These repositories, for their part, must also refrain from mere gambling activity with depositors’ funds. They must instead prudently invest in actuarially sound business loans in the productive sectors on the one hand, while investing any additional holdings in safe, readily liquidated assets on the other hand. Where the latter are concerned, US Treasurys are (almost literally) the gold standard, the safest of the safe and the most liquid of the liquid – so much so, in fact, that they are accounted ‘near-moneys’ deserving of literally zero risk-weightings in all systems of risk-based capital regulation.

Now consider SVB and its depositors. SVB’s depositors are overwhelmingly tech startups and other high-growth firms in the most dynamic sector of the US economy – Silicon Valley. These aren’t financial high-rollers or speculators, let alone financiers or derivatives traders. They are entrepreneurs in the primary markets – the goods and services markets – precisely where we want to see entrepreneurial risk-taking. So far as we know at this time, the only risk-cavalier thing that any of them did was to hold deposits in excess of the FDIC insured deposit limit of $250K – more on which presently.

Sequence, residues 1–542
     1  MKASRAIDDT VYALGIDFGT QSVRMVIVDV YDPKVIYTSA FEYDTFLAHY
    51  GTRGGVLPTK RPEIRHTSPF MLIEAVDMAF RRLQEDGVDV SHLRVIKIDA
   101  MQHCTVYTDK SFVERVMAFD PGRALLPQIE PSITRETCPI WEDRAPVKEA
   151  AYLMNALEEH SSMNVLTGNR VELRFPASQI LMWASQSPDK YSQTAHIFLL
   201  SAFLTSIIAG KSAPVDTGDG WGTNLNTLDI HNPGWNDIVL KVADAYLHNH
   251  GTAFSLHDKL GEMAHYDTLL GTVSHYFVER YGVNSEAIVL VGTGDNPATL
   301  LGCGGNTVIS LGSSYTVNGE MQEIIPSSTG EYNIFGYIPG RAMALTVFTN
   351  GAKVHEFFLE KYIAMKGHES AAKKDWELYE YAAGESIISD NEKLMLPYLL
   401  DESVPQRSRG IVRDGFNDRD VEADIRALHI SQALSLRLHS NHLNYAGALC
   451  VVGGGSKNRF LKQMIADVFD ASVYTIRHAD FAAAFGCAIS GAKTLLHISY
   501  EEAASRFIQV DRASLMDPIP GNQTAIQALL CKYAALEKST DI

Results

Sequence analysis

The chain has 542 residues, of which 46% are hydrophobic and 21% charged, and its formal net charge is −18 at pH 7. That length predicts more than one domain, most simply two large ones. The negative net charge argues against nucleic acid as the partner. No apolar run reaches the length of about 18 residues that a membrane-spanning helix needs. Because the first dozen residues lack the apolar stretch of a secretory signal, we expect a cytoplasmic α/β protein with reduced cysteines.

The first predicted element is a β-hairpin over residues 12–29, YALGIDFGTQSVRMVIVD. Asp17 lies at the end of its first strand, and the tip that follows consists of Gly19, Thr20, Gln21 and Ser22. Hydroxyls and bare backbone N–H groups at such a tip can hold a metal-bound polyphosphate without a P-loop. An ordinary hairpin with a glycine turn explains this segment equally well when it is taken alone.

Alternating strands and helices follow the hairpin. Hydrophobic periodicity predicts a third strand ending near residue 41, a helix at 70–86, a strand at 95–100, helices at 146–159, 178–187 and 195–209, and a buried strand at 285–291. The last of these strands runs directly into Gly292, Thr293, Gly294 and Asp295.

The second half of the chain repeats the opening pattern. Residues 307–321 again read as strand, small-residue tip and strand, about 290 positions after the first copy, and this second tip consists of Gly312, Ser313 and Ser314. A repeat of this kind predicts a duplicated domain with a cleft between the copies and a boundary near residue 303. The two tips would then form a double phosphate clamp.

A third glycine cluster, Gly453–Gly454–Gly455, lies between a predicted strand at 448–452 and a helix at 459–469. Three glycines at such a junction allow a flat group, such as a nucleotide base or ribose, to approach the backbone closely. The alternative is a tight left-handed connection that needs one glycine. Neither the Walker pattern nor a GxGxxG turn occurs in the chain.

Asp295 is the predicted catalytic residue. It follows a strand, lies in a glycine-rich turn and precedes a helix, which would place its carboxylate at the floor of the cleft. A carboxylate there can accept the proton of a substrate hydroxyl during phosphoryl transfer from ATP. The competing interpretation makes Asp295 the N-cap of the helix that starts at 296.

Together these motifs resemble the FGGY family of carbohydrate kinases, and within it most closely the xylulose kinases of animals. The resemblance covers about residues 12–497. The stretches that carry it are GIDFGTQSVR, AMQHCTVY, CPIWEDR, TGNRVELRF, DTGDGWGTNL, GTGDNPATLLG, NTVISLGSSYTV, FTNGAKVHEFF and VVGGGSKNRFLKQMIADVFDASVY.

SVB’s portfolio, for its part, appears also to have been precisely what we should want to see – prudently evaluated loans to this same tech clientele on the one hand – lending to SVB something of the flavor of a tech credit union – and US Treasurys – safest of safe assets – on the other hand. This portfolio, along with the bank’s deposit base, unsurprisingly took a hit as Jay Powell’s Fed, misdiagnosing the cause of our macro-economy’s recent CPI inflation (it is supply- and profiteering-driven this time, not wage- or salary-driven) began raising interest rates with greater abruptness than at any time in the last 45 years.